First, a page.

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'Big Data' Is the New 'Cloud'

July 16, 2012 - Article
By Hyoun Park

"Big Data" is here, and it is even more confusing than the “cloud." Incomplete and obsolete definitions are being used to define Big Data, which confuses customers and vendors alike. How can we get past the confusion in the market and identify opportunities to successfully help companies implement Big Data?

First, let's start with the definition of Big Data. More than a decade ago, META Group analyst Doug Laney introduced the challenges of data growth with the three Vs: volume, velocity and variety. This is the description that is still used today as the starting point of describing Big Data. However, as data has evolved over the past decade, we now start to ask ourselves what each of these Vs really mean:

  • Does "volume" refer to the size of a database? Or size of a data object? Or the cumulative size of all data within an organization?
  • Does "velocity" refer to the speed of data coming in? The speed of data acquisition? The speed of data processing? The speed of visualizing and charting data?
  • And does "variety" refer to a variety of data types? Or a variety of sources? Or a variety of applications supported?

Although the answer could be "All of the Above," this isn't a helpful way to think about Big Data or to start designing potential product suites to help companies with their business needs. To be less clever and more straightforward, let's just say that Big Data is any sort of data that can't be stored or analyzed by a business's existing database or analytics solution. And let's start breaking out the concept of Big Data into different types of use cases based on the type of Big Data being used and the tools involved in supporting Big Data.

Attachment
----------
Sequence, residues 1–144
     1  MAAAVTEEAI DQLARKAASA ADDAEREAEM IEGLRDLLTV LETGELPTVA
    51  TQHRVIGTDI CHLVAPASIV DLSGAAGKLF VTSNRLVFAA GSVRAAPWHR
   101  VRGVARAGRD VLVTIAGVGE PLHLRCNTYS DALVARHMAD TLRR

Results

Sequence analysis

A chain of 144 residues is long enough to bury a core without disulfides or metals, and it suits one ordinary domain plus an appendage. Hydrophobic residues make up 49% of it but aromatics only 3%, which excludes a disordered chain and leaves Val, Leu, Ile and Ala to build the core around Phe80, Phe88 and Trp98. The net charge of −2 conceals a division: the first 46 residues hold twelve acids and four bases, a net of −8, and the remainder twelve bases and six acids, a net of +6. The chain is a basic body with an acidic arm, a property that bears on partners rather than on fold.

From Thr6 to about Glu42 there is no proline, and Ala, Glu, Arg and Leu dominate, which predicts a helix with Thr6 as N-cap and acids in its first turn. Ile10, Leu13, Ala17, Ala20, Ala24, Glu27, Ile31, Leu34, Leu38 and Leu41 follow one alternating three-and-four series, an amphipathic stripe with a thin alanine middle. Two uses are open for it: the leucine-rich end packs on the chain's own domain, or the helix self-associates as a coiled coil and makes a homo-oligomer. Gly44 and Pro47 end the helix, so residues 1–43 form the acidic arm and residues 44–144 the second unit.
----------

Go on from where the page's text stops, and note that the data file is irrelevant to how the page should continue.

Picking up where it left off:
The increasing size of data volumes we can call Expanding Big Data. This refers to data that is outgrowing its original database or data warehouse. As this data grows from gigabytes to terabytes, companies typically seek Big Data appliances that combine hardware with either a Hadoop distribution (open-source software for distributed computing)or a data warehouse. Examples include the Dell Apache Hadoop solution, EMC Greenplum Data Computing Appliance, IBM Netezza, Netapp Hadoopler, Oracle Big Data Appliance and Teradata Extreme Data Appliance.

Networked and correlated data on a massive scale is Social Big Data. The most obvious examples of Social Big Data come from social media monitoring, where marketing and service professionals seek to monitor Facebook, Twitter and other social networks to identify brand sentiment and business opportunities. Although social media monitoring solutions such as Salesforce's Radian6, Marketwire's Sysomos and Crimson Hexagon can provide social monitoring and analytics, companies seeking to integrate social information with existing product and customer information need to bring this information in-house. In this case, data integration technologies become important in combining social data with CRM and other traditional enterprise data transactions. This data integration consists of three steps often abbreviated as ETL:

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